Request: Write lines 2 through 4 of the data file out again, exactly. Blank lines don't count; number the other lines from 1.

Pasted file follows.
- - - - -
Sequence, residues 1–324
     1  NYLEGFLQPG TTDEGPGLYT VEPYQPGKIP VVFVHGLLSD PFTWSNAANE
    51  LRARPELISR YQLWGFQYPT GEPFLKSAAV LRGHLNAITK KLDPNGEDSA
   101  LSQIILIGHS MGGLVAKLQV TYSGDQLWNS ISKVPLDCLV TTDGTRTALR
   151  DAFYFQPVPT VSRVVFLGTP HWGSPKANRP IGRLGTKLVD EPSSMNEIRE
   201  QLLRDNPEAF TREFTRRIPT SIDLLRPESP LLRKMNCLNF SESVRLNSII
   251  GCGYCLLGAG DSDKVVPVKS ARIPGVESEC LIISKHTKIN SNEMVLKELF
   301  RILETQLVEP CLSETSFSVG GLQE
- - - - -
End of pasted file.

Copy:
     1  NYLEGFLQPG TTDEGPGLYT VEPYQPGKIP VVFVHGLLSD PFTWSNAANE
    51  LRARPELISR YQLWGFQYPT GEPFLKSAAV LRGHLNAITK KLDPNGEDSA
   101  LSQIILIGHS MGGLVAKLQV TYSGDQLWNS ISKVPLDCLV TTDGTRTALR